They sounded like they’ve been playing together forever, a band perfectly suited for Leithauser and Batmanglij’s bluesy rock songs that fit perfectly well within the American songwriting canon. “If the man that you need honestly wasn’t me, tell me honey who could that be?” sang Leithauser in a desperate pleading voice over a wavering organ. With its lush sound, his 12-string took the slow-building “In a Black Out” from simmer to a boil and back to a simmer. He told the audience a story about attending a wedding where the father of the bride made a toast and broke out into “Wild Mountain Thyme.” Apparently an awkward affair for everyone else at the wedding, Leithauser fell for the guy in the moment, writing the tender song “The Bride’s Dad” from the father’s perspective. Knowing the song’s background set an incredibly vivid scene of the affair.

The catchy “1,000 Times” followed with hundreds of voices joining in for the chorus. Free-jazz saxophone and Batmanglij’s piano rambling like a rolling river closed out the set with “Rough Going (I Won’t Let Up).” Leithauser’s wife, Anna Stumpf, and the opener, Lucy Dacus, came out for an encore performance of the dreamy “1959.” If the Walkmen were the first act of Leithauser’s career, this collaboration is a hell of a second act, one that shouldn’t see a curtain call anytime soon. —Dan Rickershauser | @D4nRicks

Photos courtesy of Charles Steinberg | charlesosteinberg.com

cat_preview

Black Joe Lewis – Music Hall of Williamsburg – February 22, 2017

February 23rd, 2017

Black Joe Lewis & the Honeybears - Music Hall of Williamsburg - February 22, 2017

Photos courtesy of Annie Kane | anniekane.work

cat_reviews

Khruangbin Get Spacey at Brooklyn Bowl on Wednesday Night

February 23rd, 2017

Khruangbin – Brooklyn Bowl – February 22, 2017

I7fXdlGp
NASA announced Wednesday that it had discovered seven new exoplanets, some of which could potentially sustain life. Is it a coincidence that on the very same day Khruangbin appeared in Brooklyn, laying down a set of their extraterrestrial grooves for a sold-out Brooklyn Bowl? Does seem suspicious. Looking otherworldly and playing music that might very well come from another solar system where love and peace reign supreme, the actually-from-Austin, Texas, trio were in fine form last night. From the opening slow funk of “August Twelve,” the crowd was locked in, beamed up into Khruangbin’s spaceship bathed in kaleidoscope hues, ready to be probed, prodded and fully funkified.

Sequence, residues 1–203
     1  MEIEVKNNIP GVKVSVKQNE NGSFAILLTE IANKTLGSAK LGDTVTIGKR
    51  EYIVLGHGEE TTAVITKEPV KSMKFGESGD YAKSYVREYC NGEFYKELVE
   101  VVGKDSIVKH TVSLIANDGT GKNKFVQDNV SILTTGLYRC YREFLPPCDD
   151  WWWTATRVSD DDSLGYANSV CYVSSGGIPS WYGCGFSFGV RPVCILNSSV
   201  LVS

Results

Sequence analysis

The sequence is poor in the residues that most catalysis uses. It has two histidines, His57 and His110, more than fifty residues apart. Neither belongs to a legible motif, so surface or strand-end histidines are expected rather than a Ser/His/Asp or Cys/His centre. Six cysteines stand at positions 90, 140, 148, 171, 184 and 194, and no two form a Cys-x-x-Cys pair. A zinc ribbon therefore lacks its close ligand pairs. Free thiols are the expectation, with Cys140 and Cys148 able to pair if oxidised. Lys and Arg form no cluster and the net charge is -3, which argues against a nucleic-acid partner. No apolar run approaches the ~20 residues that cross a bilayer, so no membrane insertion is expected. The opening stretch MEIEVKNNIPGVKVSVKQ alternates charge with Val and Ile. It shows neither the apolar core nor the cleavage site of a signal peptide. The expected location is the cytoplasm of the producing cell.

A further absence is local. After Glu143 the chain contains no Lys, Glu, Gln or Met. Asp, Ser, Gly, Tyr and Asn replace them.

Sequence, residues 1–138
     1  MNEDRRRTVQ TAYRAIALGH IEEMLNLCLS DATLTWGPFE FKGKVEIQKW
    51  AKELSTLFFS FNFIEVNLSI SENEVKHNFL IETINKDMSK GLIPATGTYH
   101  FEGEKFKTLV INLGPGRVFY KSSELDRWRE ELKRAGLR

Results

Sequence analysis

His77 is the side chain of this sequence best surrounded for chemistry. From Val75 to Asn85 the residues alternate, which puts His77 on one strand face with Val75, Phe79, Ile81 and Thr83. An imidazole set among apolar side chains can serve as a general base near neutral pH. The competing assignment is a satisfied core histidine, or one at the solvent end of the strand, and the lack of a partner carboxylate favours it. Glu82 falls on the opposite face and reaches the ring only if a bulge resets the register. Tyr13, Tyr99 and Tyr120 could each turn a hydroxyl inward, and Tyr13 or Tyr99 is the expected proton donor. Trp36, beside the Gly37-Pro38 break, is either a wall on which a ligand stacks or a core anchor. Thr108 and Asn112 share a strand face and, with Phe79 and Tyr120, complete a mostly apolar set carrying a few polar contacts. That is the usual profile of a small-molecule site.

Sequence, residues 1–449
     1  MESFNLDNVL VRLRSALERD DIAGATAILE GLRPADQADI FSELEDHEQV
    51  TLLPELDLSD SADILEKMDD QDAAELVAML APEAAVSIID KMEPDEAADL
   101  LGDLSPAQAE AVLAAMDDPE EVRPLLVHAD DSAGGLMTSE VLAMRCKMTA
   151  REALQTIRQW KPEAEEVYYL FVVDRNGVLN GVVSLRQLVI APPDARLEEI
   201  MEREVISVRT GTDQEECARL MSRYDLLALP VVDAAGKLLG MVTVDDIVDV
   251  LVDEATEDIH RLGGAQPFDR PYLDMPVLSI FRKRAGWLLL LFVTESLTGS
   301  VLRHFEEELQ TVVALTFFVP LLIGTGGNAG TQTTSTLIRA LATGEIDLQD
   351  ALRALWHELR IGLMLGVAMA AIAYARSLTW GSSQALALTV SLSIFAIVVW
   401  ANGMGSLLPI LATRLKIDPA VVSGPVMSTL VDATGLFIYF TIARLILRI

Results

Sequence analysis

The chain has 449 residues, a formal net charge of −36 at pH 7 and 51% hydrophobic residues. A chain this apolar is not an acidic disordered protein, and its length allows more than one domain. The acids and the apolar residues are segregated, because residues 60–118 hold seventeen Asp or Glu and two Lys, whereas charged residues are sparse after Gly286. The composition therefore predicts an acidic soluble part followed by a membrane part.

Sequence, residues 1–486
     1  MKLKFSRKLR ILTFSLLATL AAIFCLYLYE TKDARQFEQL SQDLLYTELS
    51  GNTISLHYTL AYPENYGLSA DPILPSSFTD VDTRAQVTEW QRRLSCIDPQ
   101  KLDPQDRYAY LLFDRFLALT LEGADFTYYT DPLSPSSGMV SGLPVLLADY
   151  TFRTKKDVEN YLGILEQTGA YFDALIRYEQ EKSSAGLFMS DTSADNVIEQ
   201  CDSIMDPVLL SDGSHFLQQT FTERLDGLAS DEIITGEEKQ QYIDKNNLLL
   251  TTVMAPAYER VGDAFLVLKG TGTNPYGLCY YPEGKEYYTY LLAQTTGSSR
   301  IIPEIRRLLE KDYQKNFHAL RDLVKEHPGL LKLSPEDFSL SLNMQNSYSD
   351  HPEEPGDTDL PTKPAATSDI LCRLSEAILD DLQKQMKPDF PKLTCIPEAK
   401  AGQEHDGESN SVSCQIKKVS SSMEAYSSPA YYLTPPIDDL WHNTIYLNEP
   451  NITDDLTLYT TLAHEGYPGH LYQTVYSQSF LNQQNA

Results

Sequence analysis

It’s no easy task to find a completely unoccupied space in the musical spectrum, but Khruangbin have always felt perfectly situated in a just-groovy-enough, not-too-loud/not-too-soft, not-too-fast/not-too-slow space that no one else seems to have discovered yet. On repeated trips back to New York City, each time hopping up a level in crowd size and intensity, the trio has found ways to shed their alien skin, revealing something more elaborate and exciting beneath. On Wednesday, guitarist Mike Speer was given room for hairier solos than the last few area gigs, drummer Donald Johnson Jr. and bassist Laura Lee showing tour-tested comfort in giving him full freedom to explore.

The set gained propulsive energy as it went along, mostly songs from their breakout album, The Universe Smiles Upon You, highlighted by the zigzag melodies of “People Everywhere (Still Alive)” and the out-of-plane weirdness of “Dern Kala.” In a room that can sometimes swallow the more subtle acts, Khruangbin were ferociously funky, overwhelming Brooklyn Bowl as if it were only a pit stop on the way to something bigger. Thankfully for the crowd, the band’s phasers were merely set to stun—because they might not be so lucky next time. —A. Stein | @Neddyo

cat_preview

Lake Street Dive – Music Hall of Williamsburg – February 21, 2017

February 22nd, 2017

Lake Street Dive - Music Hall of Williamsburg - February 21, 2017

Photos courtesy of Mike Benigno | mikebenigno.com

cat_reviews

Ryan Adams Thrills at Intimate Rough Trade NYC Show

February 21st, 2017

Ryan Adams – Rough Trade NYC – February 18, 2017

16722515_10154105370156431_4225958898453395462_o
Ryan Adams celebrated the release of his new album, Prisoners, with an intimate, sold-out show on Saturday night at Rough Trade NYC. Without question, the LP’s subject matter is heavy—it’s a breakup album through and through, and some of the lyrics are stark and painful (“Feel like I’m heading for a breakdown”; “I’ve missed you so much I shiver and I shake”). At times, the juxtaposition of the smiling and swaying crowd with such downtrodden sentiments felt almost subversive. Yet, to watch Adams and his band tear through Prisoners songs like “Do You Still Love Me,” “Haunted House” and “Outbound Train,” it was clear that the music and performance were creating a cathartic way for Adams to continue his healing process.